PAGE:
Five Premier League idols who arrived late

Where have you been all this time, Dimitri Payet, with your likeably chubby frame and your magic feet? At the age of 28, the unheralded Frenchman has appeared on these shores with no silverware in his bag and just 15 French caps (by way of comparison, Jermaine Jenas has retired with 21 England caps).

“I don’t know why people are that surprised because he came from Marseille, and Marseille is one of the biggest clubs in Europe and he was doing similar things there,” said Bilic, forgetting that almost nobody in England gives a shiny sh*te about French football. “Maybe we give him more responsibility and more confidence and he is enjoying it and we are enjoying him big time.”

So are we, Slaven, so are we. We are a little bit in love. The stats: West Ham average two goals per game with Payet on the pitch and managed to score just five times in seven games in his absence. He creates more chances per game than anybody in the Premier League barring that German nicking a living at Arsenal.

In tribute, we bring you five other rather good foreigners who came to these shores aged 28 or above and thrived. Not a bad five-a-side side, this. Though you would be asking Gus Poyet to do an awful lot of defensive work.


Gus Poyet – When the 28-year-old Uruguayan midfielder signed for Chelsea in the summer of 1997, his transfer made fewer headlines than the £5m signing of left-back Graeme le Saux and marginally more than the arrival of Bernard Lambourde. Poyet left four years later having scored 49 goals in 145 appearances for Chelsea. From midfield. More importantly, he worked like a man who knew he was lucky to be playing in a changing Chelsea side who won the UEFA Cup Winner’s Cup, the UEFA Super Cup and the FA Cup. And were happy with that haul.

“Chelsea means a lot to me,” said Poyet long after his exit. “I won plenty of trophies there. When you win trophies you get close to the club. My time at Chelsea was before Abramovich. It was more of a family back them. It was still an old fashioned family club. We knew everybody.”

And the Chelsea fans’ admiration for Poyet was such that they didn’t even begrudge him joining Tottenham. Now that’s love.


Gianfranco Zola – The ultimate late bloomer, Sir Alex Ferguson famously called him “a clever little so-and-so”; Daniel Storey used rather more words here. As Claudio Ranieri – and we are officially allowed to quote him again, now we can all agree he is not a buffoon – said: “Gianfranco tries everything because he is a wizard and the wizard must try.”

The shame for us is that the wizard did not arrive on these shores until he was 30, but he still scored 59 Premier League goals, won four major trophies and was utterly, utterly wonderful. No Chelsea player has dared to wear the No. 25 shirt since his exit. We suspect they never will.


Edwin van der Sar – “It might seem like a step down from Ajax and Juventus, but I am hoping this will be a good step forward for me,” said the Dutchman when arriving unexpectedly at Fulham in the summer of 2001. He described Mohammed Al Fayed as a “persuasive man”; he talked about how he felt “appreciated” after being summarily cast aside by Juventus after they signed Gianluigi Buffon for rather a lot of money. When you hit 30, these things become important.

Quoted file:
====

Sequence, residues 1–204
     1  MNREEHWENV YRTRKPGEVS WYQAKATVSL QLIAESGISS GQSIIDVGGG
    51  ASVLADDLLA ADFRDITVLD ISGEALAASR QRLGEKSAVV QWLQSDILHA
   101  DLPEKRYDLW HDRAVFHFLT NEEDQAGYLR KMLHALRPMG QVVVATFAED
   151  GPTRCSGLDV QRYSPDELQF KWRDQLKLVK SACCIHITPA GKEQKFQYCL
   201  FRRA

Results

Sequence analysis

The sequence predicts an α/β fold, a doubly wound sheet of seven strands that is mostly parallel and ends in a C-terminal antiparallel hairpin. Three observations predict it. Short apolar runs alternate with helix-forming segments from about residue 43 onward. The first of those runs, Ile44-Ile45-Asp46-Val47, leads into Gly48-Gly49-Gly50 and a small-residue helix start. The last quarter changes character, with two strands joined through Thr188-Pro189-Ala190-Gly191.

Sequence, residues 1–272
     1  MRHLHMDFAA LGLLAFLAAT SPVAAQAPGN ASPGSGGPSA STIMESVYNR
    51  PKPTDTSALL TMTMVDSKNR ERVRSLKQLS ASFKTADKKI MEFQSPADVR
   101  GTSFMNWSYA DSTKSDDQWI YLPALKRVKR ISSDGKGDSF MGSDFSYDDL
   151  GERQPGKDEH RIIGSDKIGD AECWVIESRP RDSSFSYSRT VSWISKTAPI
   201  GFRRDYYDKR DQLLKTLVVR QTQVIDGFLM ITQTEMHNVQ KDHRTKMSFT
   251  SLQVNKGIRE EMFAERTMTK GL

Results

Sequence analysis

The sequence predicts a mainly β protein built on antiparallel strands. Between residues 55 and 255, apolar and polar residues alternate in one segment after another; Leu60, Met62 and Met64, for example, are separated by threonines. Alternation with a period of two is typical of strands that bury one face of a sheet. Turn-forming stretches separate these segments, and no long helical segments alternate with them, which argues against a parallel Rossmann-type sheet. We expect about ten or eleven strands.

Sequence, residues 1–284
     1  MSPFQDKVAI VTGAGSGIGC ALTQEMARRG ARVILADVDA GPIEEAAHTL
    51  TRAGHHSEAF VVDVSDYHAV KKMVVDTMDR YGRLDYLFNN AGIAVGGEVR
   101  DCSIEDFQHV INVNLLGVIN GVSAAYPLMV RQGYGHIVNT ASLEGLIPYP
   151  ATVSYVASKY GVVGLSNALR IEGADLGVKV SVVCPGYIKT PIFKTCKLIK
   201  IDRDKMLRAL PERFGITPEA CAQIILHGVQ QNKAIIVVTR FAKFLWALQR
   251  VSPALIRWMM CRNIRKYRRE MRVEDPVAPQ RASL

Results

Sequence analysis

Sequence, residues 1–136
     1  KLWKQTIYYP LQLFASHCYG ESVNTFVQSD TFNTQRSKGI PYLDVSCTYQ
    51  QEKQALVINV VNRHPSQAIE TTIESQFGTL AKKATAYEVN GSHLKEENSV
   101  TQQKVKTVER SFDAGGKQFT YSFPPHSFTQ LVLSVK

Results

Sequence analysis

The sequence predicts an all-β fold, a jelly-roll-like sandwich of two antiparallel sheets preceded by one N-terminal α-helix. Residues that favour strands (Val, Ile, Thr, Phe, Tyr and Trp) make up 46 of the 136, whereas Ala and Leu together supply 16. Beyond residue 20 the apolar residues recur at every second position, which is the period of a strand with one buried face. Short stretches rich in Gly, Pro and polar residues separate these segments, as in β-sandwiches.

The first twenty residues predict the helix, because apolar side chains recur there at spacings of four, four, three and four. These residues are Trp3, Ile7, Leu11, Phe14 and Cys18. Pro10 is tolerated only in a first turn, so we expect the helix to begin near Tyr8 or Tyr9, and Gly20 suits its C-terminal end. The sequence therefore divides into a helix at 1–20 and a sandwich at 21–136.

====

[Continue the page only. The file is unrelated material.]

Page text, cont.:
Fulham and the Premier League gained one of the best goalkeepers in the world; four years later Manchester United finally gained their belated successor to Peter Schmeichel. For the record: Four Premier Leagues, one Champions League and two League Cups. “I just wish we had signed him earlier, to be honest,” said Alex Ferguson when his man had turned 40 having graced us for ten years with his quiet, gentlemanly ways.


Jurgen Klinsmann – Has any foreign player had such an impact on the Premier League in just one season? From loathed diving German to everybody’s guilty (and then not-so-guilty) pleasure in just one campaign from the 30-year-old that reaped 21 goals, one Footballer of the Year trophy from besotted journalists and over 150,000 shirts sold. Famously, one Guardian journalist wrote ‘Why I Hate Jürgen Klinsmann’ and ‘Why I Love Jürgen Klinsmann’ articles barely two months apart.

That he then insouciantly returned to save Tottenham from relegation – at the age of 33 – to score nine goals in 15 league games, is an irresistible postcript.

“As a little boy I watched a lot of English football on television and loved the atmosphere, so I took a decision to try something new and ended up in London,” said Klinsmann, explaining his late lurch towards England. Three cheers for that rather early mid-life crisis.


David Ginola – There is a wonderful line on Ginola’s Wikipedia page: ‘In the summer of 1995, Ginola decided to leave France. Known to be a Spanish football enthusiast, he was expected to be snapped up by Barcelona. Furthermore, between 1992 and 1995, his stellar displays in European competitions against the Spanish giants Real Madrid and Barcelona had attracted media attention in Spain, with local media dubbing him ‘El Magnifico’. However, he ended up with English club Newcastle United F.C., then managed by Kevin Keegan.’

Oh. That’s quite a ‘however’.

Ginola never got that move to one of football’s “big clubs” (though this was a different Newcastle – then-chief executive Freddie Fletcher said they were “only interested in signing world class players”) but he did do the next best thing: Become a hero at two different Premier League clubs. He may have only accidentally ended up in England, but the PFA Players’ Player of the Year and FWA Footballer of the Year of 1998/99 was a very welcome visitor. The sexy b***ard.


Sarah Winterburn